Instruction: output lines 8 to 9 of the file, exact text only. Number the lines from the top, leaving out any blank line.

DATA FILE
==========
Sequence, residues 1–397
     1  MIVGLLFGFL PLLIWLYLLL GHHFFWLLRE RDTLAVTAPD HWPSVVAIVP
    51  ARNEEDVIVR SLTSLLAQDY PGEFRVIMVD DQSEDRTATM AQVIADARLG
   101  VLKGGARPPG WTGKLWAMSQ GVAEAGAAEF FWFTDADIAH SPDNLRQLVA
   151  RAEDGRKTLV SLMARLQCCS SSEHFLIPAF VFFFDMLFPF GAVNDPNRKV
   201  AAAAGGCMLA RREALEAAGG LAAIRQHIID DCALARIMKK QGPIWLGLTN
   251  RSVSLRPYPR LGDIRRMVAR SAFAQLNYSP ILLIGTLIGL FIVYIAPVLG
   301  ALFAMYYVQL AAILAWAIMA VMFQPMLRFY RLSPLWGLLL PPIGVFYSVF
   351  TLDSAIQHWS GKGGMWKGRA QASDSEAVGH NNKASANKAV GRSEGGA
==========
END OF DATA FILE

   301  ALFAMYYVQL AAILAWAIMA VMFQPMLRFY RLSPLWGLLL PPIGVFYSVF
   351  TLDSAIQHWS GKGGMWKGRA QASDSEAVGH NNKASANKAV GRSEGGA